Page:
"All the usual, regular and current work of all organizations and groups of our Party, the work of propaganda, agitation and organisation, is directed towards strengthening and expanding the ties with the masses." (Lenin; Two Tactics of Social-Democracy in The Democratic Revolution, Lenin: Selected Works; p51)
"In a word, to avoid finding itself with its hands tied in the struggle against the inconsistent bourgeois democracy the proletariat must be class-conscious and strong enough to rouse the peasantry to revolutionary consciousness, guide its assault, and thereby independently pursue the line of consistent proletarian democratism." (Lenin; Two Tactics of Social-Democracy in The Democratic Revolution, Lenin: Selected Works; p85)
As early as 1905 Lenin recognises that class alliances must be made with the other subaltern classes in order to engage in effective revolutionary struggle. This is especially true in countries where the proletariat is not quantitatively the largest class. As well as forging this alliance of the oppressed, the proletariat must establish the trust and loyalty of the other component classes and lead and dictate the form of their revolutionary activities (just as in Gramsci’s formulations). At this conjuncture, Lenin identifies the united front as a tactic, suitable to the specific period, rather than a strategy. One could easily argue that it was suitable for Russia in 1905 but quite ill-fitting to the conditions in which Gramsci operated in Italy. However, the United Front eventually establishes a more permanent role in Lenin’s thought. It wasn’t until much later, specifically at the beginning of the Third International that the united front was recognized as a strategy for the age rather than merely a specific manouvere. I will return to, and address, this point later when dealing with the theory and practice of the ‘last Lenin’ and its significance to Gramsci.
Lenin’s overall strategy for proletarian revolution was evidently vindicated in October 1917. After the October Revolution, the concept of hegemony – class leadership of the oppressed – begins to appear far more frequently in Lenin’s writings, and it appears in a more developed form. In 1918, in The State and Revolution, we read:
"Only the proletariat – by virtue of the economic role it plays in large-scale production – is capable of being the leader of all the working and exploited people, whom the bourgeoisie exploit, oppress and crush, often not less but more than they do the proletarians, but who are incapable of waging an independent struggle for their emancipation." (Lenin; The State and Revolution; Lenin: Selected Works; p281)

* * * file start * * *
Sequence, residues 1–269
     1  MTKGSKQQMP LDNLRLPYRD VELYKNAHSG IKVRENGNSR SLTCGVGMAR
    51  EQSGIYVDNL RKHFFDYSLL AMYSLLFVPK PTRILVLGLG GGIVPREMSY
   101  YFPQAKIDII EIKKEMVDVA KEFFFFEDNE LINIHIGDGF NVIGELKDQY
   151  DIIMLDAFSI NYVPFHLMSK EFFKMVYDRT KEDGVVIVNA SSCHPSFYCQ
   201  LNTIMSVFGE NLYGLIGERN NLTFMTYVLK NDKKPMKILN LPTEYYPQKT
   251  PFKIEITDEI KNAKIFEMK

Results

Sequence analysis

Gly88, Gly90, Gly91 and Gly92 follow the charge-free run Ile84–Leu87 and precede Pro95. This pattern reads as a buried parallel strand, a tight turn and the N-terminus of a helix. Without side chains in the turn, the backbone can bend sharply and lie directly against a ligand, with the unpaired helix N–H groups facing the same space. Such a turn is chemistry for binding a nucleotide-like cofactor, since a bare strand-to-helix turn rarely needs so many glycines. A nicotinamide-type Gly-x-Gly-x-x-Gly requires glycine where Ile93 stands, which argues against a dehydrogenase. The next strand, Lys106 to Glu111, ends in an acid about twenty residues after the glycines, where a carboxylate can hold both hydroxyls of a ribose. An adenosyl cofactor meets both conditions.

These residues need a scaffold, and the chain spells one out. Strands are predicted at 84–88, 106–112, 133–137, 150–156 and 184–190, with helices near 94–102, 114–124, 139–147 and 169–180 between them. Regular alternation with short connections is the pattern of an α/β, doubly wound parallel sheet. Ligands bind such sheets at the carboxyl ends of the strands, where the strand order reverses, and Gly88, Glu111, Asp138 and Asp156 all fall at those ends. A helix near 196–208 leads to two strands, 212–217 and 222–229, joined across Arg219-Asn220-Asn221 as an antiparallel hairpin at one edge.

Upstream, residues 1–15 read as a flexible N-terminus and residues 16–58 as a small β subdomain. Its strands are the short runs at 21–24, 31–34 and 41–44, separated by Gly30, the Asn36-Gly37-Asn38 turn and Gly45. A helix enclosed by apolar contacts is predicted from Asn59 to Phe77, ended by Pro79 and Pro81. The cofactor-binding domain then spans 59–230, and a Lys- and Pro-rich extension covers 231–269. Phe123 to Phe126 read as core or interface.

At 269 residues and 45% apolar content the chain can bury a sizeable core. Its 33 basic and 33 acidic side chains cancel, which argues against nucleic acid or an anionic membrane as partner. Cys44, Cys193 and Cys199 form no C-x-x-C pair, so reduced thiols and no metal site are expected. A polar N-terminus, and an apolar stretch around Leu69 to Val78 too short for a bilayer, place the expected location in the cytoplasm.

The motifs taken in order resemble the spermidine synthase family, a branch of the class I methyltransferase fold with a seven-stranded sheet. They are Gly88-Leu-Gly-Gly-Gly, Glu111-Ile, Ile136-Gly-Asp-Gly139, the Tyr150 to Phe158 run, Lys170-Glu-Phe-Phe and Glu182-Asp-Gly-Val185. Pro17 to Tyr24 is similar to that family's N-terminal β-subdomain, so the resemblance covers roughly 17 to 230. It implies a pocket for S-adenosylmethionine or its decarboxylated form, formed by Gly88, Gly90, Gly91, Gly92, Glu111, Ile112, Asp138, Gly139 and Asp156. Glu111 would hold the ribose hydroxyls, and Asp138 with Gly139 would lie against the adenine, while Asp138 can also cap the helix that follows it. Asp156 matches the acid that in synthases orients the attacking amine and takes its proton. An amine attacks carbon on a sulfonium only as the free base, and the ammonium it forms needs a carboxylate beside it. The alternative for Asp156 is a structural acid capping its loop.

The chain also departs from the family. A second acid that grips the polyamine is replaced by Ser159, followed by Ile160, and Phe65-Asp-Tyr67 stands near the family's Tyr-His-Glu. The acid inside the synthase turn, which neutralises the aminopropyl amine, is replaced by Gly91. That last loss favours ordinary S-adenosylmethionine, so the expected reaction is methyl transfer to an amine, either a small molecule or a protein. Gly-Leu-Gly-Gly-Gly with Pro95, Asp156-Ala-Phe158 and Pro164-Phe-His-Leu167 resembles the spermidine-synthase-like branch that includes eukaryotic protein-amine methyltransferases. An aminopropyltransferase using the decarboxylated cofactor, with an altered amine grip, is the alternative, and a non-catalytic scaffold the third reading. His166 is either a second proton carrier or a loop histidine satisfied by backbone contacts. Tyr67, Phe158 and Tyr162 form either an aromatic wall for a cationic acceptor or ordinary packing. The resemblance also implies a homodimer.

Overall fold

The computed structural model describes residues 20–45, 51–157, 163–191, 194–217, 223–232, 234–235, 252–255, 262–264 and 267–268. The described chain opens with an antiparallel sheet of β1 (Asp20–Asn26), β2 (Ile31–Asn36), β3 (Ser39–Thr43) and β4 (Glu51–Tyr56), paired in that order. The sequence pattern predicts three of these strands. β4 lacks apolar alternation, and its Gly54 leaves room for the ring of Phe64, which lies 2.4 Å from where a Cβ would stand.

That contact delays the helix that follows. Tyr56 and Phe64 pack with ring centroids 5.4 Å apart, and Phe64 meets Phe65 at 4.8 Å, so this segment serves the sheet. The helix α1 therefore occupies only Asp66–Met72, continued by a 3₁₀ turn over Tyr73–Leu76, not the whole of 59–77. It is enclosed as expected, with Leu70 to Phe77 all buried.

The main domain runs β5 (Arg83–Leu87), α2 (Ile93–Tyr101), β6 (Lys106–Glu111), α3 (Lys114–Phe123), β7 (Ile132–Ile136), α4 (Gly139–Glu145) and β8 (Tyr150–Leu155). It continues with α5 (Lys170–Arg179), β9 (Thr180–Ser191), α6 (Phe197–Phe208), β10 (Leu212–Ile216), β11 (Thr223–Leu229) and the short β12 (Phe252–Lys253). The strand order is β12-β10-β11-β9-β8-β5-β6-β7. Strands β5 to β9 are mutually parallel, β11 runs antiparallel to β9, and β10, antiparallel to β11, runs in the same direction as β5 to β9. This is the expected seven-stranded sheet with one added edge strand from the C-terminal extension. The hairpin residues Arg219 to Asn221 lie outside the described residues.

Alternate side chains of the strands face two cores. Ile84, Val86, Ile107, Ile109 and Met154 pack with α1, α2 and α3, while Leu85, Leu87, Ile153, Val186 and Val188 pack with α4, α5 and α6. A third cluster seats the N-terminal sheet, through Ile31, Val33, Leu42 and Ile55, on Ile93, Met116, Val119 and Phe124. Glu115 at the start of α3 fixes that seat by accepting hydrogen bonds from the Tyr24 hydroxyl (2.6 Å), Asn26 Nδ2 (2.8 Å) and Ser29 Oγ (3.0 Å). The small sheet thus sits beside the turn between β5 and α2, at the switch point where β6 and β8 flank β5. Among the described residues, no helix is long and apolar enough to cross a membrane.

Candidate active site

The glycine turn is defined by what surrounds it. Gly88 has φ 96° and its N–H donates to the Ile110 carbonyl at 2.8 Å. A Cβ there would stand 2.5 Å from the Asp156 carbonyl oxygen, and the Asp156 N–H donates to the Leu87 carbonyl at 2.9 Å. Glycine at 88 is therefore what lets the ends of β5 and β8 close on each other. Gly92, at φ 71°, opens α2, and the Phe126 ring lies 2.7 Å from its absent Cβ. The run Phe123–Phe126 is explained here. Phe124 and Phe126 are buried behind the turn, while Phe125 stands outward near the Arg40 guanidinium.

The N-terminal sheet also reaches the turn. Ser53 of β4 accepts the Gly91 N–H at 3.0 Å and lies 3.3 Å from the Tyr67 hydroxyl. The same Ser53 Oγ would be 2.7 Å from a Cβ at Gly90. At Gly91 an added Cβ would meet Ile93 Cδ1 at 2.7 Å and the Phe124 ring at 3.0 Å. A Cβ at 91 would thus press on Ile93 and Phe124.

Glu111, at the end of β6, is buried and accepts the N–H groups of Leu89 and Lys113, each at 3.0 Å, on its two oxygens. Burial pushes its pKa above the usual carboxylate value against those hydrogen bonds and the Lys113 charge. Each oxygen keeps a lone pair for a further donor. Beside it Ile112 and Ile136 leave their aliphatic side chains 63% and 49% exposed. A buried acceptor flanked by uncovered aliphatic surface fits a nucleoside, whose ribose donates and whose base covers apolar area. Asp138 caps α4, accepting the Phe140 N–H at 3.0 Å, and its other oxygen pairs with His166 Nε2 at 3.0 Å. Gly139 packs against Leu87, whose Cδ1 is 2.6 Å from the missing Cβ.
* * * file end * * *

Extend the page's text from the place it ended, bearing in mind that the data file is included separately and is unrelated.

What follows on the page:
No other class other than that of workers has been prepared by its position in the mode of production for such a role; No other class is organized through labour in such large groupings and social conditions; No other class has the skills to continue production and lay the foundations for the new socialist society in the eventuality of the overthrow of the bourgeoisie.
The Dictatorship of The Proletariat (Domination)
At this point, after the revolutionary deposition of the capitalist class, Lenin’s ‘hegemony’ acquires another vital aspect to its overall meaning, one that we also find in the writings of Antonio Gramsci; namely, domination. Now we see hegemony as necessary not just in order to lead the oppressed classes in the overthrow of the bourgeoisie; but also as essential to the proletariat to maintain its class domination and quell the "desperate resistance of the bourgeoisie". This period in which the proletariat assumes the position of society’s ruling class is by no means the completion of the workers’ revolution. It is simply the transitional period of the dictatorship of the proletariat. The workers revolution is only complete when all classes have been abolished from society.
Now, the distinction, falsely forged in desperation by the Eurocommunists and reformists of all shades, of Gramsci’s notion of hegemony and Lenin’s understanding of the dictatorship of the proletariat is exposed to all as wholly inaccurate. Simply put, the dictatorship of the proletariat is the mobilization of "a ‘special coercive force’ for the suppression of the bourgeoisie by the proletariat". (Lenin; The State and Revolution; Lenin: Selected Works; p275) In other words, Gramsci’s understanding of the ‘domination’ aspect of hegemony is identical to Lenin’s ‘dictatorship of the proletariat’.
In the writings of both Lenin and Gramsci, the proletarian-led, revolutionary alliance of the exploited remained essential before, during and after the overthrow of the bourgeoisie. This working class leadership was coupled with a post-insurrectionary working class domination and suppression of the deposed capitalist class and the counter-revolutionary forces it would mobilise in a furious attempt to reclaim its lost superiority. In Gramsci’s first notebook he writes: